One of the things that I've done many times in my life is move logins from one SQL Server instance to another. There are various reasons for doing this, including migrating to new hardware, consolidating instances, applying permissions in a DR situation, and more. Over the years, I've depended heavily on sp_helprevlogin, which is kind of a bit of magic knowledge for SQL Server. There's no good reason that this procedure should stand out to you, other than it works. There are other methods of moving logins, but they're all a bit cumbersome.
This article will show you a better way by using the Powershell cmdlet, Copy-SqlLogin. This isn't from Microsoft, but rather from the impressive dbatools open source project. This cmdlet not only moves the login correctly, but it will also move the various instance level settings for the login, like default database, server roles, and more.
I had heard of dbatools.io quite awhile ago, but hadn't spent much time looking at the project. However, I attended a presentation in mid-2016 that truly impressed me. The ease with which many simple, but cumbersome tasks are handled by this set of cmdlets is truly impressive. My hat is off and I bow to Chrissy LeMaire, Claudio Silva, Mike Fal, Aaron Nelson, Rob Sewell and more. The entire team has done a fantastic job.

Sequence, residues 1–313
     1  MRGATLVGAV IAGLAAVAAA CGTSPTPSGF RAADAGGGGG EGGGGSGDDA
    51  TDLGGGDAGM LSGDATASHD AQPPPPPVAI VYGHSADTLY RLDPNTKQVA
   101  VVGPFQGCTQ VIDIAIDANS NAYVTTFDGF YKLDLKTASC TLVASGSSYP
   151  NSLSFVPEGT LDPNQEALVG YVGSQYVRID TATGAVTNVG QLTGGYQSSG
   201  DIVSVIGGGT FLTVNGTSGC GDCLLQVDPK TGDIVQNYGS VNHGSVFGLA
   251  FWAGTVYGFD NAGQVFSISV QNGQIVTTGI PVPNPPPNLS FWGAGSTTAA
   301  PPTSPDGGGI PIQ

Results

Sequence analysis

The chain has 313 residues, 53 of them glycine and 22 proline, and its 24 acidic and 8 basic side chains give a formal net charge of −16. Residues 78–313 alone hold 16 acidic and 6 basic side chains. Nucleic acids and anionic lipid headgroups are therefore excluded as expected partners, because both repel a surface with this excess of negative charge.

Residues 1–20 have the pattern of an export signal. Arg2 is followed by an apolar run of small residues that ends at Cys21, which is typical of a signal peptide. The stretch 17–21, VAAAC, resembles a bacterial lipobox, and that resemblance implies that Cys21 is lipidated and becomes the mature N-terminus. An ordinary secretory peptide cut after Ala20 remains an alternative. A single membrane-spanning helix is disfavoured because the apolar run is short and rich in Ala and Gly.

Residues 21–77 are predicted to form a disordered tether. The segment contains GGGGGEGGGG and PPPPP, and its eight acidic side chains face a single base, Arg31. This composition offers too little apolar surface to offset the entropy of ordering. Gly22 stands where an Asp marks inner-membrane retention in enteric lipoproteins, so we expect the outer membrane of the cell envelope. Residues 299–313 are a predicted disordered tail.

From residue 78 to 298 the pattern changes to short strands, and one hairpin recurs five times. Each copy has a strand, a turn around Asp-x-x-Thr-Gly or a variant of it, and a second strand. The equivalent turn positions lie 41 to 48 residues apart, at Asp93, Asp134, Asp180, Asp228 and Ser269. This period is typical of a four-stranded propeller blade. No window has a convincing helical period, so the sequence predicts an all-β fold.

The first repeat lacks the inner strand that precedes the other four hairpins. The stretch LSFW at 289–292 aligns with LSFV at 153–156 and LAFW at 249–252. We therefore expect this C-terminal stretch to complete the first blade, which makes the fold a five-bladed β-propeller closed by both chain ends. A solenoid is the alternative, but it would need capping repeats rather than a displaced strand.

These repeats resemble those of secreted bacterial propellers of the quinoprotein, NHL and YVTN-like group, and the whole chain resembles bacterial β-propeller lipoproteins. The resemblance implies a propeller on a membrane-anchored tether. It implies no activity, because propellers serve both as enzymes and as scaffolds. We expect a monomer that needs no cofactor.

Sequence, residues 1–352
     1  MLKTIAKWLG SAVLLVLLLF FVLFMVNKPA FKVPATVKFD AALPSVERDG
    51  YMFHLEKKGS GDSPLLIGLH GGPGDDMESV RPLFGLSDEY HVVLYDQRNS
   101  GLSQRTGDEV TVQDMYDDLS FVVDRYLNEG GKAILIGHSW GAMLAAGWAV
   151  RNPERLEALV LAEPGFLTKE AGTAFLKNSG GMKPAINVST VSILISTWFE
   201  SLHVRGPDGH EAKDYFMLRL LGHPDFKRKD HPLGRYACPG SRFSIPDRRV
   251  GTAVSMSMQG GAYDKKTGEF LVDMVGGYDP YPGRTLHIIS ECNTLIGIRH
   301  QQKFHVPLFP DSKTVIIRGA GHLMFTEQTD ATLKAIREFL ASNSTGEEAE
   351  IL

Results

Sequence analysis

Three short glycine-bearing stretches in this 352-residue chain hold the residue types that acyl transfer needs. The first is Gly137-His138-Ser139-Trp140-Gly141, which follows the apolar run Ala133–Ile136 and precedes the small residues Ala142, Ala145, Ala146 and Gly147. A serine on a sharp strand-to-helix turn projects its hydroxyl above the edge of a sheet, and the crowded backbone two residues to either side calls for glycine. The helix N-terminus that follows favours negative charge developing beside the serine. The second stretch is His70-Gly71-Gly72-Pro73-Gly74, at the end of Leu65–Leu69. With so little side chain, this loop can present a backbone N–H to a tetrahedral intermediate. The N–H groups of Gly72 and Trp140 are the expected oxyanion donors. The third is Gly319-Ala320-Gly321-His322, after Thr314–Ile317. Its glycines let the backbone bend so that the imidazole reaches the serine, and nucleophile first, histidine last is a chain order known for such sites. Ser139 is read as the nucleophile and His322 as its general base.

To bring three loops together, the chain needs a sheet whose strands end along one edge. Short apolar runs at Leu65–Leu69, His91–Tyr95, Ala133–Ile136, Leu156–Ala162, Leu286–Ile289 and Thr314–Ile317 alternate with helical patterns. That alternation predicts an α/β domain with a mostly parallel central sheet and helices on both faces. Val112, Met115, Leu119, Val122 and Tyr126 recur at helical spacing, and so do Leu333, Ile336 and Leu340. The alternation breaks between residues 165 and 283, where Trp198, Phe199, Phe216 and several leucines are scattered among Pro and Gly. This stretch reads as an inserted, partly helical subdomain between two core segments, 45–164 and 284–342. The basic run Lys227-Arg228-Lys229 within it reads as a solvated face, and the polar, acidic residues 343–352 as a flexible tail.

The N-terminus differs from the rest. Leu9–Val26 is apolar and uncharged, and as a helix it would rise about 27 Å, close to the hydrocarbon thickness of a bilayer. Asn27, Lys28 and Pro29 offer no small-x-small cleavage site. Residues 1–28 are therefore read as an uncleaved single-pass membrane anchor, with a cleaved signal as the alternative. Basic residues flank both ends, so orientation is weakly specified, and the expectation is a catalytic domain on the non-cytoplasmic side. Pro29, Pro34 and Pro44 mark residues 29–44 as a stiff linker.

I am hoping to get some of these talented individuals to write more posts on how to use these cmdlets, so please, inspire them to do so.
The Copy-SqlLogin cmdlet is quite powerful. In addition to copying a login from one SQL Server instance to another, this command will also ensure that these items are moved.
- default database
- server roles
- server securables
- database roles
- database securables
- login attributes like password policy, language, expiration and more.